Fite, with Schwabe Williamson & Wyatt of Portland, Oregon, also said the record has “scant evidence” of injuries to grizzly bears from coyote trapping. He said just three incidents have been recorded in the last decade.

However, Fite also said an appropriately set trap is not a threat to a grizzly bear.

But Molloy had questions: “What is a properly set trap, and who determines if it’s properly set?”

As an aside, the judge said regulations exist about shooting grizzly bears too, but bears seem to end up getting shot anyway.

Coyotes aren’t part of the updated wolf trapping rules the Fish and Wildlife Commission adopted in its 2023 Wolf and Furbearer Trapping and Hunting Regulations.

However, Fite said state statute governs coyote trapping. He said the law provides criminal penalties for violators who illegally trap and snare coyote.

He also noted the law says traps can’t unduly endanger “livestock,” but Molloy had another question.

“What about bears?”

Fite said the traps won’t unduly endanger grizzly bears either. By comparison, he said adult sheep can break free from traps.

He argued bears that have been caught have been released, and records indicate onsite releases show a lack of injury to them.

Molloy also asked the lawyers about an “incidental take” allowance. Agencies that want to take actions that might buck the Endangered Species Act need to check in with federal officers for approval of unintended harms or kills.

“Isn’t that sort of the resolution of the whole darn thing?” Molloy said.

The plaintiffs also had alleged an “incidental take statement” is required under the Endangered Species Act. In those statements, federal authorities specify impacts and mitigations on threatened species, but the state hasn’t applied for one.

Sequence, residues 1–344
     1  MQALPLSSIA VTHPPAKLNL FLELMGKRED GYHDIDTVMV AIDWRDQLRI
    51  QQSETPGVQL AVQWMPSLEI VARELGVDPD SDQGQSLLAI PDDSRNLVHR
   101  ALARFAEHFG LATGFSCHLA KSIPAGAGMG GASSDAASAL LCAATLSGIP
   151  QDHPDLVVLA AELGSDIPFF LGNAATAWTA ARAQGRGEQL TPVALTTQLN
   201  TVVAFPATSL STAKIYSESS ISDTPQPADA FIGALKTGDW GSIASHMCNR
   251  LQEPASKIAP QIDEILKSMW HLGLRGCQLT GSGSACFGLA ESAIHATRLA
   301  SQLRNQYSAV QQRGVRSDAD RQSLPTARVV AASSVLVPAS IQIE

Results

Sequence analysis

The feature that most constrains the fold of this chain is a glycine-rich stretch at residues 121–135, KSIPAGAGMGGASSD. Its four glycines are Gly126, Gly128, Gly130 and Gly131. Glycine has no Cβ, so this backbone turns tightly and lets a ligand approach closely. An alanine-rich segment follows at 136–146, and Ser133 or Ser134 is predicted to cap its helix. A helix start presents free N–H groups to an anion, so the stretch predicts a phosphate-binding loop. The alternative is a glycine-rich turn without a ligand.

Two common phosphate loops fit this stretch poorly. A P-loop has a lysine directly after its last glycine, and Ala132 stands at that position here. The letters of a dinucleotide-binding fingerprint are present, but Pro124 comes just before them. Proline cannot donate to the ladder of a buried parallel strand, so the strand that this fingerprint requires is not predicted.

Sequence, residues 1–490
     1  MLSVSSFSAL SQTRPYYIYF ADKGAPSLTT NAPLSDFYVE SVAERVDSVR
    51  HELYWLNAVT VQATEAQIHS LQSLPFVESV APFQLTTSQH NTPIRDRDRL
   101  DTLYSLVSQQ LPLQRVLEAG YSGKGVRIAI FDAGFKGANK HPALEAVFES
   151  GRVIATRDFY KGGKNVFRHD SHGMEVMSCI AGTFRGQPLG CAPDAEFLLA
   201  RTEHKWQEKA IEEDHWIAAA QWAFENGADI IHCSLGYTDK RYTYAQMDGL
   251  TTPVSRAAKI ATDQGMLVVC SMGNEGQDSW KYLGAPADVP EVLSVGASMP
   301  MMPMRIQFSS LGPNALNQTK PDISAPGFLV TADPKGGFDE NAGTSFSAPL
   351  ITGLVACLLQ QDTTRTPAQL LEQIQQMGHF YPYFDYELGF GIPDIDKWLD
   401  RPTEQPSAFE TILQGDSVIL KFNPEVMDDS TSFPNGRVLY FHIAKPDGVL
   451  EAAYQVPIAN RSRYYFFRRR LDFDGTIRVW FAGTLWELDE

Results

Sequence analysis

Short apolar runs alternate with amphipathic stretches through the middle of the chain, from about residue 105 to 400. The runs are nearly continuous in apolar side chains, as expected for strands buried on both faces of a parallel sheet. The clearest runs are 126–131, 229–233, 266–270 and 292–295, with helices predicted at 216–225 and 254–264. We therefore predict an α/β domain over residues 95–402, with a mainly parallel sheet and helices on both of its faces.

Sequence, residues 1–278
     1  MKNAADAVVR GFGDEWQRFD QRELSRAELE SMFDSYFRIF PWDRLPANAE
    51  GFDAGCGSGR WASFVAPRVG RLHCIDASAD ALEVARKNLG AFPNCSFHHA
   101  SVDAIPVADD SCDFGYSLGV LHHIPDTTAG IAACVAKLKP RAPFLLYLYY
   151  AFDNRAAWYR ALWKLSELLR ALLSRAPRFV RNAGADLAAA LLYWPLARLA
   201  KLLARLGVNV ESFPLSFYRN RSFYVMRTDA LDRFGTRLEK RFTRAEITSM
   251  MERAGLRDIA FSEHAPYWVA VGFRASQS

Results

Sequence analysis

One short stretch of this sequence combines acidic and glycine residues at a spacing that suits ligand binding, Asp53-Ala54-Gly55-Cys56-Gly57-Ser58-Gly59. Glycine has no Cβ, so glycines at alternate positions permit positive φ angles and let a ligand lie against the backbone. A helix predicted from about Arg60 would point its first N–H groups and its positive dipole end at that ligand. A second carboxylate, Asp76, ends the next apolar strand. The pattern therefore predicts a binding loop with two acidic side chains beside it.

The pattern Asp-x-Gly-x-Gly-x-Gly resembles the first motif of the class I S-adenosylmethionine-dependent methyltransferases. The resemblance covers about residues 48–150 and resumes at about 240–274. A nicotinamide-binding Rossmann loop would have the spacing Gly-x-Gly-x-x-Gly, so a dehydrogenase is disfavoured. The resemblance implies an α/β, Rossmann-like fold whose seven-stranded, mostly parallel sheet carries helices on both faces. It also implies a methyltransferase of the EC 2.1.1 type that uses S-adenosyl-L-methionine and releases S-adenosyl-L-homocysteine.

Gary Leistico, representing the Montana Trappers Association, also argued coyote traps weren’t a problem. For one thing, he said, they’re much smaller than wolf traps.

“It’s not reasonably likely that a grizzly bear is going to be trapped in a coyote trap,” said Leistico, of Leistico & Esch of Clear Lake, Minnesota.

But it has, in fact, happened, said Tim Bechtold, representing the conservation groups.

The complaint said since 2010, the state of Montana reported three grizzlies captured in traps set for wolves and four in traps set for coyotes. The state also has found severed grizzly bear toes in a trap.

“There are instances of ‘take’ resulting from a coyote trap,” said Bechtold, of the Bechtold Law Firm in Missoula.

In his preliminary injunction, the judge agreed that widespread coyote trapping “likely presents a significant risk” of grizzly bear “take” in violation of the Endangered Species Act, as the conservation groups argued.

The order also noted coyotes are “predatory” animals under Montana law, which means they can be trapped without a license all year.

After their arguments, Molloy said lawyers had raised some “significant issues,” although he still believes an “incidental take” allowance from federal authorities would solve the problem.